Dell Servers, Services Sales Soar

by Christopher Saunders

The company credits its strong quarter to a continuing corporate system refresh cycle and surging demand for IT services.

More on Dell servers

Surging enterprise and public-sector demand for Dell's servers, storage and networking components propelled second-quarter sales at the No. 3 PC maker up 22 percent from a year ago, enough to top Wall Street's quarterly revenue and earnings estimates.

For its second quarter of fiscal 2011, Dell (NASDAQ: DELL) said sales totaled $15.5 billion, beating analysts' revenue estimates of $15.2 billion, according to Thomson Reuters data. Earnings before one-time charges came in at $0.32 per share, ahead of Wall Street consensus of $0.30 per share.

On a GAAP basis, income came in 16 percent higher than a year earlier, at $545 million, or $0.28 per share.

Dell credited the strong performance to a variety of factors, including a continuing corporate refresh cycle that helped cushion slow growth in its consumer business.

The company said overall revenues from its server and networking lines jumped 35 percent, with blades showing particular growth.

Storage also saw a healthy increase, rising 13 percent, with Dell's EqualLogic storage products proving especially hot, with revenue growing 63 percent.

Recent weeks have seen Dell moving to capitalize on mounting demand in storage with several acquisitions. Dell snapped up storage technology vendor 3PAR for $1.15 billion earlier this week. In late July, it bought Ocarina Networks, a player in storage deduplication.

Services also continues to be a major source of growth for Dell, as it has generally proven for rivals like HP (NYSE: HPQ). Dell said its services revenue increased 57 percent during the quarter to $1.9 billion -- sales that include the contribution of Perot Systems, which Dell acquired for $3.9 billion last year.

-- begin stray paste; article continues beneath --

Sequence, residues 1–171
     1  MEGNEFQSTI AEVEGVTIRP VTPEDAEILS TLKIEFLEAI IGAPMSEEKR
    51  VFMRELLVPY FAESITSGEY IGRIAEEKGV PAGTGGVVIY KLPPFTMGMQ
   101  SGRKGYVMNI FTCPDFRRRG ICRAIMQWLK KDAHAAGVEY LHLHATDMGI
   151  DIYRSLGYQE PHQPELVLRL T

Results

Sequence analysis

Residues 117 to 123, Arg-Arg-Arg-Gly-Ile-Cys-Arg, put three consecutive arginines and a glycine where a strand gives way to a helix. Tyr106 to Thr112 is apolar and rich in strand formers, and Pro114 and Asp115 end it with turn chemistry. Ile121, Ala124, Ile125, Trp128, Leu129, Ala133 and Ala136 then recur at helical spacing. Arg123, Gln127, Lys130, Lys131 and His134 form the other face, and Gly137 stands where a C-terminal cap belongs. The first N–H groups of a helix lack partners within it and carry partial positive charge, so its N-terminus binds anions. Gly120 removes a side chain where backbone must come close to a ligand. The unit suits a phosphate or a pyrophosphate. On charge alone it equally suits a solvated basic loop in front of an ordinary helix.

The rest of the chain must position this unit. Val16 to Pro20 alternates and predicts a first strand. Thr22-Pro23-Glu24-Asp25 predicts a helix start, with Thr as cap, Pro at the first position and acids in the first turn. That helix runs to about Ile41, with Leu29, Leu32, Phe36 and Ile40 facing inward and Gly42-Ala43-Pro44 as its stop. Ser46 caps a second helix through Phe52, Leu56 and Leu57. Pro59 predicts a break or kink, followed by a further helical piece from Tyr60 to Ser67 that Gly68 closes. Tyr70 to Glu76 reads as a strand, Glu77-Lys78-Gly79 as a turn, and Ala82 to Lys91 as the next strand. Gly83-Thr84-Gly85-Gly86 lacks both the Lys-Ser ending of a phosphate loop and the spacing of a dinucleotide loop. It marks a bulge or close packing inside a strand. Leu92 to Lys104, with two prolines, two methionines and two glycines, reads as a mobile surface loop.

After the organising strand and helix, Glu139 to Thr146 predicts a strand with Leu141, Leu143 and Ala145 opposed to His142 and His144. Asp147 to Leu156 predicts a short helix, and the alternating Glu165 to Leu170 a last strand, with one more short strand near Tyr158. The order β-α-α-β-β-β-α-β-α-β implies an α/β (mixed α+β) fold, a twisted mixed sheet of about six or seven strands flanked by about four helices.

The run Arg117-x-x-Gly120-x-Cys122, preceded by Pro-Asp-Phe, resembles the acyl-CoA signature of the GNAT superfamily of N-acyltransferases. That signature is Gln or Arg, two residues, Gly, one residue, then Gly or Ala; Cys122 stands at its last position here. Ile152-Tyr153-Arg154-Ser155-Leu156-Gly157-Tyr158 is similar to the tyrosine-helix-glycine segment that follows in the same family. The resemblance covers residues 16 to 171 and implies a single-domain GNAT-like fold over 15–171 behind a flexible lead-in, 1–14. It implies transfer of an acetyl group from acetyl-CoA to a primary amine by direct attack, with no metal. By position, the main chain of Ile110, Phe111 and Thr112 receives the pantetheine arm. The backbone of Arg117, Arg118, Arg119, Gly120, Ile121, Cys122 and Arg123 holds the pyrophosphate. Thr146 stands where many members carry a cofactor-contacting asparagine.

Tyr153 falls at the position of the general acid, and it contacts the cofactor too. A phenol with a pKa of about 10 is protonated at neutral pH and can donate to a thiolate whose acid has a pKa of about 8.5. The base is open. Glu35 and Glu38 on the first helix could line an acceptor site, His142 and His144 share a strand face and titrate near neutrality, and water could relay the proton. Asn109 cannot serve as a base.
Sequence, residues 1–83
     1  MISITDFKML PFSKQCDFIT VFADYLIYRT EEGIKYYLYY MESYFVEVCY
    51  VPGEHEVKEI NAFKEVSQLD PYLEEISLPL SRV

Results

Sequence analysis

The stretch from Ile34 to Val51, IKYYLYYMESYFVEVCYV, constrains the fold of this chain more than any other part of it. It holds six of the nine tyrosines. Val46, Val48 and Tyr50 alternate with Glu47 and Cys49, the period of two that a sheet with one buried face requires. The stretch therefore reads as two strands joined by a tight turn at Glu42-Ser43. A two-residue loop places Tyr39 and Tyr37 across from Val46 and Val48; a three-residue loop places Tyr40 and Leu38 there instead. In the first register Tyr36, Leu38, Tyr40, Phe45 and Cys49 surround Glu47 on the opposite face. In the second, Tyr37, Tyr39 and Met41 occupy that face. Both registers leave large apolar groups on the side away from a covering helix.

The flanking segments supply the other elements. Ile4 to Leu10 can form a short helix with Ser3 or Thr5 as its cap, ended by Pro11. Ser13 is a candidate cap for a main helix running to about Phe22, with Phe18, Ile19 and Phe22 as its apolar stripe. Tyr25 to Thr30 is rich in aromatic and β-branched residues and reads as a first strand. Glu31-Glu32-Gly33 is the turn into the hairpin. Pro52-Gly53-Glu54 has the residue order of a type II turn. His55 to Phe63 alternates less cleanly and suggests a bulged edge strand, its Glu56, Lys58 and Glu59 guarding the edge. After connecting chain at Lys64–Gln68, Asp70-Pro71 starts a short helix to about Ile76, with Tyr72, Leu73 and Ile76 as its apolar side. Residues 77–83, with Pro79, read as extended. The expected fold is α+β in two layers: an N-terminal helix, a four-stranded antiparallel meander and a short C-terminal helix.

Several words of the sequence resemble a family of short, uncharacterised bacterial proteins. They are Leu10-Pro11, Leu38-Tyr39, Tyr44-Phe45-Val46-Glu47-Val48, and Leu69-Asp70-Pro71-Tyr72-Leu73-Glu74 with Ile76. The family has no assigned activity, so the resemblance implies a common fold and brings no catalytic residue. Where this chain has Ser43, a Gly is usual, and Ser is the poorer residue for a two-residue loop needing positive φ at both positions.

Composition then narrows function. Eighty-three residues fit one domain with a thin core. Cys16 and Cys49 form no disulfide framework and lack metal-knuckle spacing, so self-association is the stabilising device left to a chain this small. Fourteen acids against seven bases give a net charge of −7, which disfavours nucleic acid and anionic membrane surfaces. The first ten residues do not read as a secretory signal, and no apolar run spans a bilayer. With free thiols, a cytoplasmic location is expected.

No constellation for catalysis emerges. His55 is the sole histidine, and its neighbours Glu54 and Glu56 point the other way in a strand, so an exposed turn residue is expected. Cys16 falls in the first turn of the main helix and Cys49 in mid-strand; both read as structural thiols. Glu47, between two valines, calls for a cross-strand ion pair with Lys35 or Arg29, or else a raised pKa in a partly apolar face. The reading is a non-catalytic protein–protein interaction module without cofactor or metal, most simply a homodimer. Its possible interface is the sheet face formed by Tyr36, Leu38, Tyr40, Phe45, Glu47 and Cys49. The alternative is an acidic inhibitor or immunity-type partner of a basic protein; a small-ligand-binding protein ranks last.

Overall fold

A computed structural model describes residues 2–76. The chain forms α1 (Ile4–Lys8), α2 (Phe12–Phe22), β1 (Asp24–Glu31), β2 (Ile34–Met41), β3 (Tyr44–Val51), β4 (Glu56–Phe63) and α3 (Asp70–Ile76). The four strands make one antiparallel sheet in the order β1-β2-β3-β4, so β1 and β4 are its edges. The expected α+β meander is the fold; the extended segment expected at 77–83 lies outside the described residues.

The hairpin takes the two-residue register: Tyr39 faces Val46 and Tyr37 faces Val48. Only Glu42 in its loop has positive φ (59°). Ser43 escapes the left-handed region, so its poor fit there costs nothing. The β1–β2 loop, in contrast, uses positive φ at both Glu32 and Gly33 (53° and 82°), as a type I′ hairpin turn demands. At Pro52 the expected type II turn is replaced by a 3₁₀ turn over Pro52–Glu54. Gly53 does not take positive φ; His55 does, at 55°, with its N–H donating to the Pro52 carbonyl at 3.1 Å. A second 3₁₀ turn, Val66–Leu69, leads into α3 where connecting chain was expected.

Mobile and desktop PCs also saw healthy growth, thanks to corporate IT efforts to refresh old systems, Dell said. The company said its mobility products saw 21 percent revenue growth over last year, while desktops jumped 17 percent.

Enterprise, Public Sector IT spending surge

While Dell's consumer group raked in $2.9 billion -- essentially flat from a year ago, and yielding a small operational loss -- spending among deep-pocketed enterprise IT departments and public-sector health care and life sciences customers skyrocketed.

In particular, the company's Large Enterprise segment customers spent a total of 38 percent more with Dell than they did a year ago, pushing revenues for the category to $4.5 billion. Within that customer group, Dell said sales of servers, services and mobility each grew more than 50 percent from last year.

Sales of products and services to public-sector clients outstripped even enterprise demand, however, with that segment contributing revenue of $4.6 billion, up 21 percent. With state and local government sales remaining nearly flat, a large chunk of that increase came from health care customers. Services proved especially strong in the category, with revenue increasing more than 100 percent from a year earlier, Dell said -- though those results again factor in Perot Systems revenue.

Small and midsized businesses also upped their spending with Dell. The company's SMB group saw strong increases, with revenue rising 25 percent to $3.5 billion. Sales of Dell SMB mobility products grew 32 percent, while desktop PC sales increased 29 percent from a year ago. SMB servers and networking offerings raked in 28 percent more revenue, while storage sales increased 22 percent.

Dell said demand for its products and services proved generally strong worldwide. Some areas saw tremendous growth, however, such as the company's business in emerging regions like Brazil, Russia, India and China. While the so-called BRIC countries accounted for only 12 percent of Dell's overall quarterly revenue, sales there grew 52 percent from a year ago, it said.

The company also said revenue from its Asia-Pacific and Japan group grew 38 percent, while the segment comprised of Europe, the Middle East and Africa (EMEA) rose 24 percent.

Growth in sales within the Americas trailed behind, with an increase of 17 percent. However, the U.S. still accounts for the bulk (53 percent) of Dell's revenue -- though not by much.

Dell said that it ended the quarter with $13.1 billion in cash and investments, after cash flow from operations totaling $1.3 billion.

The company also said it doesn't see the corporate client refresh petering out for at least several more quarters, while it also expects federal government sales and commercial sales to grow slightly.

For the full year, Dell gave guidance of revenue growth between 14 percent to 19 percent, while earnings before one-time charges could rise 18 percent to 23 percent.

Christopher Saunders is senior managing editor at InternetNews.com, the news service of Internet.com, the network for technology professionals.

Follow ServerWatch on Twitter

This article was originally published on Friday Aug 20th 2010
Mobile Site | Full Site